A Married Transgender Woman Fighting For A New Birth Certificate Won The Backing Of The UN
In six Australian states and territories, married transgender people have to divorce before they can legally change the sex on their birth certificate. The United Nations says it's a violation of their human rights.
Australian laws barring married transgender people from changing the sex on their birth certificate are in violation of international human rights law, a United Nations committee has declared.
In a decision made on March 17 and published on June 15, the UN Human Rights Committee found in favour of a married transgender woman from New South Wales, Australia, who had tried unsuccessfully on multiple occasions to change the sex on her birth certificate.
The laws preventing her from doing so violate the rights outlined in articles 17 and 26 of the International Covenant on Civil and Political Rights (ICCPR), the committee found.
It is a significant ruling for Australia, where in six of the eight states and territories married transgender people must divorce from their spouse if they want to change the sex listed on their birth certificate.
The woman, referred to only as G, was born in 1974 and started hormone therapy for gender transition in 2000. In 2002 she changed her name to G on various ID documents and in 2005 had gender affirmation surgery.
In September 2005 she married a woman. But the marriage meant that when, four months later, G tried to change the sex on her birth certificate, she was unsuccessful.
In order to change the sex on a birth certificate in NSW, a person must be over 18, have had their birth registered in NSW, undergone gender affirmation surgery and be unmarried. G fits the first three criteria, but not the last.
She first applied for a birth certificate change of sex in January 2006 but was rejected two days later. Second and third attempts in October 2008 and July 2010 met a similar fate.
The NSW Births, Deaths and Marriages Registry wrote to G in July 2010 saying she had to be unmarried in order to change the certificate.
But as G told the UN committee, she is in "a loving relationship with her spouse and does not intend to apply for a divorce".
In its ruling the UN committee said there was "no apparent reason" to deny G her birth certificate change, and identified a number of inconsistencies presented by Australian law around marriage and gender transition.
"The author was validly married in Australia," the decision read. "Following her gender reassignment, she lawfully has been issued passports designating her as female and changed her name on, inter alia, her birth certificate, passport, driver’s licence, and medicare card.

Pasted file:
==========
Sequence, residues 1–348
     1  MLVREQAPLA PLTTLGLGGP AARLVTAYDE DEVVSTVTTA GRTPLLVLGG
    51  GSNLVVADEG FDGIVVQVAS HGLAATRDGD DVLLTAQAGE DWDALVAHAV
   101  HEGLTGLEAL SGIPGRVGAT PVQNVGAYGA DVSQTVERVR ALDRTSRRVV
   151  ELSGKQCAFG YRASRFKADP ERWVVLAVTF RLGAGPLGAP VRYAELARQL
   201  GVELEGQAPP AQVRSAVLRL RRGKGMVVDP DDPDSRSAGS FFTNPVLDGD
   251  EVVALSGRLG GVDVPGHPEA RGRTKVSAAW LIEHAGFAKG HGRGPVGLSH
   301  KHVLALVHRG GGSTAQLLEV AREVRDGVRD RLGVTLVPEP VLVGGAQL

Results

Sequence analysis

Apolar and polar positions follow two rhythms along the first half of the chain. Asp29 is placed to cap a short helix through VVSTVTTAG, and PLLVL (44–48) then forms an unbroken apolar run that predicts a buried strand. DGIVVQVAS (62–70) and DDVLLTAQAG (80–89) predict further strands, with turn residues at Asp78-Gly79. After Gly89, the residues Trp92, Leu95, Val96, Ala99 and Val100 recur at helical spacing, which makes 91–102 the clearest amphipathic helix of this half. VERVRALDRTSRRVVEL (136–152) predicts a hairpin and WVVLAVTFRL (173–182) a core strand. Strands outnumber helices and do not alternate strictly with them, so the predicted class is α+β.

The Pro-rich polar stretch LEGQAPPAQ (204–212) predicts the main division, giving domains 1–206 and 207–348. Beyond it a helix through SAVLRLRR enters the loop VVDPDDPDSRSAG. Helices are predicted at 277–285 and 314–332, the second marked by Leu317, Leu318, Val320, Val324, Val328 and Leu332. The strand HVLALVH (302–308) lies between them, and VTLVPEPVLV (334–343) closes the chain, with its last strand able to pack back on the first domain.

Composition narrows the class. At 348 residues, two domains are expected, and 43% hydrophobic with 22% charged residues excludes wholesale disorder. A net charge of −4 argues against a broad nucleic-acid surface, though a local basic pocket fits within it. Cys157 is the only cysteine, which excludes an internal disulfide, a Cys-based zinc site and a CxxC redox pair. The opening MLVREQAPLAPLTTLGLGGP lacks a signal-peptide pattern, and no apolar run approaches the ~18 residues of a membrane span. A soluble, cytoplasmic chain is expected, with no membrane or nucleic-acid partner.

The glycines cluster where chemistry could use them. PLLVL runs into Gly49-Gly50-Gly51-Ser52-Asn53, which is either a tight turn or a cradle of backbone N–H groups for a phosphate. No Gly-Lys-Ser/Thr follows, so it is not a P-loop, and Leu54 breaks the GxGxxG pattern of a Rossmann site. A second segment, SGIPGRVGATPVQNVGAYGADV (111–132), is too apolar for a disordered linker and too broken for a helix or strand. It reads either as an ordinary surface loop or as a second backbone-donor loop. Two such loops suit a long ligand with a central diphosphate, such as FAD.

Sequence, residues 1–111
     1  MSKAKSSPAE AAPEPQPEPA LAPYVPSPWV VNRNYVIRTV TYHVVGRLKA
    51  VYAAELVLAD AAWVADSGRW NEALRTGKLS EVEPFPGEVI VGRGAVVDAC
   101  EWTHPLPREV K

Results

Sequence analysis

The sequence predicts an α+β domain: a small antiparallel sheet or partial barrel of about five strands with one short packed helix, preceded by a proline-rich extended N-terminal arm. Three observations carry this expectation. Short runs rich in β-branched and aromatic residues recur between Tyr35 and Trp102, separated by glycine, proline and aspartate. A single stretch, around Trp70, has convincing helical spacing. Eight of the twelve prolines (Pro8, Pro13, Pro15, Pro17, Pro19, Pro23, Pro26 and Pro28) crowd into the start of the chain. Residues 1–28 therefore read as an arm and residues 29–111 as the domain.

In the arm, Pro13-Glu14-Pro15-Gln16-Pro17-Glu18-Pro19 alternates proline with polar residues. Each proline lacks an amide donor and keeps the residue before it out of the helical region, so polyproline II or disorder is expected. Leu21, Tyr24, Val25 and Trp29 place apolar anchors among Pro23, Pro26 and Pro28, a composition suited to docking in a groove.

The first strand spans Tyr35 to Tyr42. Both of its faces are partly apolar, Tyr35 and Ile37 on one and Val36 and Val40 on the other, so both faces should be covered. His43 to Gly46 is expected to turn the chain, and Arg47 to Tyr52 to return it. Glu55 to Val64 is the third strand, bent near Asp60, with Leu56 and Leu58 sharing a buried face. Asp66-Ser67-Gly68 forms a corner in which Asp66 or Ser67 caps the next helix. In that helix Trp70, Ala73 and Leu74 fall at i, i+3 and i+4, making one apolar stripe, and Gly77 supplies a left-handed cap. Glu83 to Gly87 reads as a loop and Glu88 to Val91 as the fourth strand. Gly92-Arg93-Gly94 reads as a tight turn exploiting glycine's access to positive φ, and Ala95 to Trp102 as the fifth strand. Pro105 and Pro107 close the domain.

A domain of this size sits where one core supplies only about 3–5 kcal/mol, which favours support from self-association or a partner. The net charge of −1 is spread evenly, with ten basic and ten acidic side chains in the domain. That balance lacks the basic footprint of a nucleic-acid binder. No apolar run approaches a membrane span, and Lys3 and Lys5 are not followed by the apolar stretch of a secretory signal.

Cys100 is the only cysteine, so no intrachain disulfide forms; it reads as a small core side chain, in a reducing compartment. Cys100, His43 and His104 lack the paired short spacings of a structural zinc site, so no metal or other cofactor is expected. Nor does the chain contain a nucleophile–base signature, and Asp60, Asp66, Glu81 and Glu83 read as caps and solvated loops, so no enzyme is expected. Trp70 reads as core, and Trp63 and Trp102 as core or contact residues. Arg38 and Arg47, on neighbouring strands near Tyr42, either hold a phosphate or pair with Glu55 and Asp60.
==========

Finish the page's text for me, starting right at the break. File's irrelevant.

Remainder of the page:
"It is also uncontested that as a result of her gender reassignment, the author has lived on a day to day basis in a loving, married relationship with a female spouse that [Australia] has recognised in all respects as valid. There is no apparent reason for refusing to conform the author’s birth certificate to this lawful reality."
The committee directed Australia to provide G with a birth certificate marked female, to revise the law to stop this happening to transgender people in the future, and to respond to the ruling by December 15, 2017.
Australia has ratified the ICCPR and must respond to the decision – but it is not compelled to actually change the law.
NSW, Western Australia, Queensland, Tasmania, Victoria and the Northern Territory require married transgender people to divorce from their spouse if they want to change the sex listed on their birth certificate.
The Australian Capital Territory nixed the divorce requirement in 2008 and South Australia followed in 2016 – coincidentally, on the same day a vote on similar legislation proposed by the Victorian government failed.
BuzzFeed News understands the federal government is currently consulting with the NSW government about the UN committee decision and expects to provide a response by the requested date.
NSW attorney-general Mark Speakman told BuzzFeed News that changing the sex on your birth certificate could void the marriage anyway, given same-sex marriage is not legal in Australia.
"The effect for a married person of amending the sex recorded on the register from that recorded at birth, and the subsequent issuing of a new birth certificate, may be the marriage itself being voided," he said.
"This result may apply notwithstanding the legal position in any state or territory."
The UN committee said it was unclear why changed birth certificates are, and changed passports are not, a threat to the Marriage Act.
"The state party has not provided any explanation why a change in sex on a birth certificate would result in irreconcilable and unacceptable conflict with the Marriage Act if the author remains married, whereas a change in sex on her passport in identical circumstances is allowed," the decision read.
It also questioned why it was in Australia's interests to allow conflicting identity documents "that are not consistent with the actual personal situation".
Sally Goldner, the director of Transgender Victoria, told BuzzFeed News that having mismatching documentation can present risks in privacy, safety and employment.
The psychological impact of having the correct documentation is also significant, Goldner said. When she recently travelled overseas for the first time in two decades, her passport turned up with an "F" on it.
"I didn't realise until I saw it how affirming that was," she said. "It's practical, but it's much deeper than that. I don't know if other people [who are not transgender] can appreciate that."
Goldner added that it was "sad" that the woman had to seek redress from the UN.
"Most of our governments and parliaments are just so disrespectful to trans and gender diverse people," she said. "It's certainly a decision that gives a lot of momentum, but the onus is on the remaining governments to take action."